App combines latest research to help users curb food cravings

February 20, 2017, University of Exeter
App combines latest research to help users curb food cravings
ImpulsePal uses a number of techniques to help users lose weight. Credit: University of Exeter

Experts are seeking volunteers to test a research-based app that aims to help users curb cravings for unhealthy foods and lose weight.

ImpulsePal is the brainchild of researchers at the University of Exeter. It uses a number of techniques to help users overcome the temptation to reach for unhealthy treats.

Functions include a brain training game, in which players have to tap healthy foods and avoid tapping unhealthy options. Evidence indicates this can help some people make better food choices in the real world, and make fatty and sugary snacks less appealing.

The app also includes an "urge-surfing" function using a mindfulness technique. Based on the principle that cravings will pass if you ride them out, it features an audio recording of a guided meditation, with the aim that the craving subsides.

The app also features a "danger zone" function which can be programmed to remind them of their goal in specific locations at key times, such as passing the bakery in the morning. It also has an "emergency button" that users can hit when cravings are at their peak, which provides a "phone a friend" support function, gives advice or directs to a quick brain training game.

Samantha van Beurden, a PhD researcher at the University of Exeter Medical School, said: "Obesity is one of the greatest health challenges of our time, and we all know that being overweight makes us more susceptible to dangerous diseases such as diabetes and heart disease. Yet, despite good intentions, many people still struggle to control their weight. With ImpulsePal, we have incorporated the latest research to provide a range of tools to help people curb and eat more healthily. Everyone reacts differently to particular approaches. We hope that combing the best tools into a single app will mean users can find an approach to suit them at different points in their day.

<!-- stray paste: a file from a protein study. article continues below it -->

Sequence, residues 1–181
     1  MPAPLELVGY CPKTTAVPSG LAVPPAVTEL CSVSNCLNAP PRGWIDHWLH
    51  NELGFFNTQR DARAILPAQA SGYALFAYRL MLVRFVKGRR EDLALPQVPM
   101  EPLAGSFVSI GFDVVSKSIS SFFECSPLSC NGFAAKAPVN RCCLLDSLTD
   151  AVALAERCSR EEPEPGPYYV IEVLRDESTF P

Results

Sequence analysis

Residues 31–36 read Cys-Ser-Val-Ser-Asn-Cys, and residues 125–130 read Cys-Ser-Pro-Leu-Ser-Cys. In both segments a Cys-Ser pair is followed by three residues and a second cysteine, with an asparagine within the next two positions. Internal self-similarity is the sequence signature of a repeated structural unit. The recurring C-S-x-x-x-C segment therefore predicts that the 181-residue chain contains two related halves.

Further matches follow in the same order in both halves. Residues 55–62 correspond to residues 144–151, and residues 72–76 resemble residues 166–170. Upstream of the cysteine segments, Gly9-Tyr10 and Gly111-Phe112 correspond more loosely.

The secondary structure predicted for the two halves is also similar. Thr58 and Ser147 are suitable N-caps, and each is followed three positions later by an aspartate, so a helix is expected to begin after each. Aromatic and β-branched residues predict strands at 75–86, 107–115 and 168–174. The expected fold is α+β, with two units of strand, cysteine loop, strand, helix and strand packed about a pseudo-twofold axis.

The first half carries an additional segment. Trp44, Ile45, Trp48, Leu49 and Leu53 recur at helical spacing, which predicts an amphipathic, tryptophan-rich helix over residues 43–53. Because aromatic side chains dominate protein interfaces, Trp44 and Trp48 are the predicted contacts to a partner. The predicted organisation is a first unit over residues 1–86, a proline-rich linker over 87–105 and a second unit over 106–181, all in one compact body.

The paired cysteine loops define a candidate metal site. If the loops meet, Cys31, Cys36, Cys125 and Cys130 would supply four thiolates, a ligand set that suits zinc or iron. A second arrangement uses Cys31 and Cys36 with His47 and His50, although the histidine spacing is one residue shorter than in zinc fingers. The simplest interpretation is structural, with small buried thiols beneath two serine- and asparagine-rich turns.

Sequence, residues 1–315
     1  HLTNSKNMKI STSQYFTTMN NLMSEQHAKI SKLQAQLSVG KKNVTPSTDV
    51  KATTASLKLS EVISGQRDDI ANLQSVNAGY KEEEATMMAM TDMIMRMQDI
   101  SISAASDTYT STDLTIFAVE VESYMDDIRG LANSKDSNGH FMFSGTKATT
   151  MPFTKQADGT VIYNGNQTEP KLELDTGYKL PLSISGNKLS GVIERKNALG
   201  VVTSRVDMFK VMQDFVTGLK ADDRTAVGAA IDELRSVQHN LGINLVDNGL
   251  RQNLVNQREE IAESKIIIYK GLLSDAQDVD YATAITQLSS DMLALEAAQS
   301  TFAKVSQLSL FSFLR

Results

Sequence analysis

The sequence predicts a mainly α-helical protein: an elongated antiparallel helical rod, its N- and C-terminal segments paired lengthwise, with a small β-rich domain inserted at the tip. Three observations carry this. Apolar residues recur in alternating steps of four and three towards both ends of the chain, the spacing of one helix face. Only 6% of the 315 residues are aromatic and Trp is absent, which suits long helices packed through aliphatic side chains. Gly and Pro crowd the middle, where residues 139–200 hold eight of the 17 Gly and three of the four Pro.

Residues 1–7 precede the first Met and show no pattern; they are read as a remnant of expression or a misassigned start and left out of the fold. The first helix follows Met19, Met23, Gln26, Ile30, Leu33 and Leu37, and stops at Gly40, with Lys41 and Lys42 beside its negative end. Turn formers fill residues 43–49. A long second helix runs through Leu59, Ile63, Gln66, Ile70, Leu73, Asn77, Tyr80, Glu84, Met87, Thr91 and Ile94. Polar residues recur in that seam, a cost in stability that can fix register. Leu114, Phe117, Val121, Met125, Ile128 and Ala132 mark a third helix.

"Taking part in our trial will help us test the app, and hopefully help us to make the app even better before we roll it out further."

To take part, must have access to an Android phone or tablet, and a BMI (a measure of body fat) over 25 and live within travelling distance of Exeter. If you are interested in taking part, contact Email: S.B.vanbeurden@exeter.ac.uk

Explore further: Weight-loss technologies train the brain to resist temptation

More information: Find out more at the ImpulsePal website: www.impulsepal.co.uk/

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